Alvin Marshall

Alvin Marshall portrait

CAA Member since 2023

Every morning, I talk to the Creator. I identify myself. In turn, I recognize who I am addressing. My day, and my work, starts in prayer.

To the Dine’, the universe is an orderly system of beings and elements that work together for the purpose of creating harmony. In this system, there are the spiritual beings, earthly beings, and elements. The spiritual beings are the Holy People and the Yeis. The earthly beings are the humans and the animals. The elements are the forces and things that exist naturally in the universe – earth, wind, water, fire, sky, stars. The Yeis connect the Holy People to humans.

The purpose of this universal system is to create harmony and balance. The Navajo word for this balanced state is “Hozho”. Roughly translated, Hozho is achieved through “Walking in Beauty” or in the “Beauty Way”.

Throughout my life I have experienced a connection to the spiritual part of the universe through my dreams. The Yeis speak to me there. I believe that messages are given to me through imagery and story. When I respond to the imagery and combine it with what I have learned through life experience and the participation in ceremonial dance and song, I achieve the power that allows me to create.

The first artistic influence I can remember came to me through my father. There were times when he had to hitchhike to jobs in town. Sometimes he took me with him. I can remember sitting with him on the side of the road. He would often amuse me by drawing on the back covers of matchbooks. Maybe a paper sack would blow our way. I would run after it as it danced away from me in the wind. I would catch it and bring it back to him and he would create art on this too. These simple acts of creation with the most insignificant of things taught me to see beauty and form in the humblest of earthly things. Even today, something as insignificant as a wadded up piece of trash in a garbage can, takes on a meaningful shape if I look at it long enough.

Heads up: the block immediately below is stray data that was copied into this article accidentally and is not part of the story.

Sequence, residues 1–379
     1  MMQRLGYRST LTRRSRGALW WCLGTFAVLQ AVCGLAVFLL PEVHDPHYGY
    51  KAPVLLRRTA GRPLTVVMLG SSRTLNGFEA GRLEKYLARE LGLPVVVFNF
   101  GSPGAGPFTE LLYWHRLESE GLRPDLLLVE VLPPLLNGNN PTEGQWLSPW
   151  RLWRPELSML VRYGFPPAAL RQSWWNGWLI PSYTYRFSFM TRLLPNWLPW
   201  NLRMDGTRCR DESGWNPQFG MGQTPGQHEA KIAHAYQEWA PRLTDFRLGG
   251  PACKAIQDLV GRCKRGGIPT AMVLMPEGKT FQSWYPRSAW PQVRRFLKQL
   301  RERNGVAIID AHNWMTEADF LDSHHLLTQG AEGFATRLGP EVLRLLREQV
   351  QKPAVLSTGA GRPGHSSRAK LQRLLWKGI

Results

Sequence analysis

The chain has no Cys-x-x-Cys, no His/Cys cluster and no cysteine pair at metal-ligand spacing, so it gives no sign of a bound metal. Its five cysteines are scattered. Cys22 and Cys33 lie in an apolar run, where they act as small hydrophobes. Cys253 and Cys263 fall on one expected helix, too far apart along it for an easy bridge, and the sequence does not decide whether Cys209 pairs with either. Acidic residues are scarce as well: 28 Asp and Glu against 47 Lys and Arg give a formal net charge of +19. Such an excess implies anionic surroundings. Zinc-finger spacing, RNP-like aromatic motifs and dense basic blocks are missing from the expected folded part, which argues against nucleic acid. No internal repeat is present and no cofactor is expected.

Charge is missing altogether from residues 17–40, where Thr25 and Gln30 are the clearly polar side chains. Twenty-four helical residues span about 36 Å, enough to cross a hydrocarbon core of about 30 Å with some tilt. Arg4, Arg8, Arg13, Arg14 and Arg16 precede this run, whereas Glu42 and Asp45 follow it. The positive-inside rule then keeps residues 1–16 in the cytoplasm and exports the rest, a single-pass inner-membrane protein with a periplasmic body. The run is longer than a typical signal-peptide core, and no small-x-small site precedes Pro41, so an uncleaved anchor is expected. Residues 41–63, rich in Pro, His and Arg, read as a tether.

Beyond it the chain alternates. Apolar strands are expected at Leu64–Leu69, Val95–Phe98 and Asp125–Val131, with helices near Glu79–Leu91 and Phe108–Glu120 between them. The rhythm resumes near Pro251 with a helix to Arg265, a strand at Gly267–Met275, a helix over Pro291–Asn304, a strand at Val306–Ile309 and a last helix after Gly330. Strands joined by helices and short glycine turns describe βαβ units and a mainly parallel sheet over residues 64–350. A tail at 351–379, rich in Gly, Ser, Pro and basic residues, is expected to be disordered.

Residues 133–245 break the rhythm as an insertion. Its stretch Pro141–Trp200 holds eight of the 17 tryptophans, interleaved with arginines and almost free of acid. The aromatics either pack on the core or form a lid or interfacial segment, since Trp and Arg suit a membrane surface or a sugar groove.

When I was five years old, my mother died leaving my father with three children. Like many Native children, I was sent from my home to a boarding school. Too young to understand where my mother went and why I was not allowed to speak my natural language, I took it all in stride. Although I was too young to know who I was, I did know what I wanted to do. I remember I was asked a question when I arrived, Did I want to be a Mormon or a Catholic? I picked the Mormons because I had heard they gave out flashlights for Christmas. With a flashlight, I could draw in the dark of night.

Although inspired by unseen forces, my art is created with stone and tools. In my culture, the earth’s elements are not entirely inanimate. We believe there is power in the Denetah, the geographic area cornered by the Four Sacred Mountains. The elements here also commune with us. Sand is used in ceremonies to create places were the Yeis can come and go. Water is used to carry blessings. Corn pollen is used for protection. Stone, when thrown to the sky, connects us to rain and wind. Even color provides a system that links the spirits with the earth. Black, white, blue, and yellow represent the directions, an association with the sacred mountains and certain deities, the time of day/night, and types of stone. Black is Jet. White is Shell. Yellow is Abalone and Blue is Turquoise. A turquoise stone, for example, belongs to the South direction, Daytime, Mount Taylor and the deity, “Born from Water”.

Clark Kelley Price, Christmas Pintos for the Kids
Oil, 24″ x 36″, $24000